Friday, June 26, 2009


Most moths are not terribly large. In fact, there are many which are so small that they are collectively referred to as “micros.” Then there is the other end of the spectrum which includes some species that have the largest wing surface of any insect. At the “Moth Ball” in Athol, Worcester County, Massachusetts on June 13, we had our share of behe-moths visit the lights.

Our giant moths were all in the family Sphingidae, known as sphinx moths or hawkmoths. They get the former name from someone who thought the pose of a disturbed larval sphingid resembled the pose of the Great Sphinx in Egypt. It was probably the same person who named the constellations. I sure don’t see any resemblance. “Hawkmoth” is more legitimate, as many of the sphingids fly rapidly, even hover in front of night-blooming plants to sip nectar from tubular flowers like Datura.

The first sphinx moth to show up was this waved sphinx, Ceratomia undulosa, a bit waterlogged in this shot after a night exposed to the elements. There are five North American species in the genus Ceratomia, and all of them look very similar to this one.

This pawpaw sphinx, Dolba hyloeus, is named after the larval food plant, though the caterpillars will also eat blueberry, holly, and sweetfern.

This northern pine sphinx, Lapara bombycoides, was downright diminutive compared to the other sphingids we saw, with a wingspan of only 4.5 to 6 cm compared to the 8-11 cm span of a waved sphinx. It looks all the more bedraggled because one of our party members rescued it from a puddle.

The only other sphinx moth I was able to get an image of was one of my favorites, a blinded sphinx, Paonias excaecatus. This large insect, no doubt a wilted leaf mimic at rest, is named for the striking blue eyespot on the hindwing, exposed if the moth feels threatened. Since it lacks a “pupil” in the center of the eyespot, it was christened with the handicapped moniker. It has a very wide distribution, too. I remember collecting this species in Oregon and Ohio, as well as seeing it here in western Massachusetts.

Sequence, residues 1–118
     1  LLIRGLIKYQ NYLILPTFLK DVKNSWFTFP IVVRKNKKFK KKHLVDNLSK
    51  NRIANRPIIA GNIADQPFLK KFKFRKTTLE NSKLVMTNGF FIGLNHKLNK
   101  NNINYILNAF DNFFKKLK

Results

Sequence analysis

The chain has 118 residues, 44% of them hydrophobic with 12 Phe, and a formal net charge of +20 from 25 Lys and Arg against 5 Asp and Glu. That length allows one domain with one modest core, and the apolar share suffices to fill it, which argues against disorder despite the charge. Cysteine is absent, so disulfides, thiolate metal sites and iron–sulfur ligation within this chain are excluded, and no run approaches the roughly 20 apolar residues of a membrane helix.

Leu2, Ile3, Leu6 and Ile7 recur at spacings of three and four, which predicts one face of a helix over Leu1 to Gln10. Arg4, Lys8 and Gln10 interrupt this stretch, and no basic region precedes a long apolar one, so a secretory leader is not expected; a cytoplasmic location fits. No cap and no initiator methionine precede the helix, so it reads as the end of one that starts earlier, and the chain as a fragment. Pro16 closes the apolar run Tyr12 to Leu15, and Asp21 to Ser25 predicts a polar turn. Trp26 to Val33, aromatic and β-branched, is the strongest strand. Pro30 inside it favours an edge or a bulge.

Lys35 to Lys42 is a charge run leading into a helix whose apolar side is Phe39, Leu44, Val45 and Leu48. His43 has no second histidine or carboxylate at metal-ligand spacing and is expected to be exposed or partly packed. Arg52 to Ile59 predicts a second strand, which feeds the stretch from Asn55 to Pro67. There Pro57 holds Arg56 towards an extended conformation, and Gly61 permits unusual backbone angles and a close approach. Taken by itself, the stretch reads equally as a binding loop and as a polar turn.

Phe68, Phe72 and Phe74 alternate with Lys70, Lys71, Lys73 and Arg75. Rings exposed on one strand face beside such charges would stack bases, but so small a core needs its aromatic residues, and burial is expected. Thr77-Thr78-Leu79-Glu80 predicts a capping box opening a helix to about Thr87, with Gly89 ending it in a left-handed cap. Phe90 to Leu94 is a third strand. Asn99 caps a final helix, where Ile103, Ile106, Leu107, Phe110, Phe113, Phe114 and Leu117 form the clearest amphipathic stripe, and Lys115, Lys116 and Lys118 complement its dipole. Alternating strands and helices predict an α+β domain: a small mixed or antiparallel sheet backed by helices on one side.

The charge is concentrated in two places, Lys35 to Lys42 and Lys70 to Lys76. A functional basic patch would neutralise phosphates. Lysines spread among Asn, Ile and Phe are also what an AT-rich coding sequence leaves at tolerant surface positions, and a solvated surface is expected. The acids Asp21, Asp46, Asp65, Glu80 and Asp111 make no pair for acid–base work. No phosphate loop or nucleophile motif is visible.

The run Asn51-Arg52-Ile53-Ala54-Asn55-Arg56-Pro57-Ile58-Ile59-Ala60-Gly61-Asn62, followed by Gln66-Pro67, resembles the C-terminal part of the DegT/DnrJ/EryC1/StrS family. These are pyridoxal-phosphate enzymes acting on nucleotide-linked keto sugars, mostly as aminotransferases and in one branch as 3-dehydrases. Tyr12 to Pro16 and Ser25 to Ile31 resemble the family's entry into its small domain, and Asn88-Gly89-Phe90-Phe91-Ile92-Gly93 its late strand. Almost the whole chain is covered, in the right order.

While serious entomologists might put out blacklights and mercury vapor lamps to draw in moths, simply turning on your own porchlight will lure many an exotic-looking lepidopteran to your doorstep. Consider making a project of recording the moths that visit your property. There are many wonderful online resources to help you identify them, including Bug Guide and the Moth Photographers Group to name just two. Above all, have fun just looking.



  1. I remember the Northern Pine sphinx because we saw that last year at the BugGuide Gathering in Tennessee. The Balabans found it in a windowsill and asked me what it was. I wasn't sure but it struck me more as a sphinx than a noctuid, and I later I found I was right.

    Best wishes for your stay in Massachusetts!

  2. Thanks for sharing your own memories, Mike. I must have missed that one:-) Thanks for the good wishes, too. Any chance you can send some sun up this way? I'm serious, its been overcast almost every day since I got here.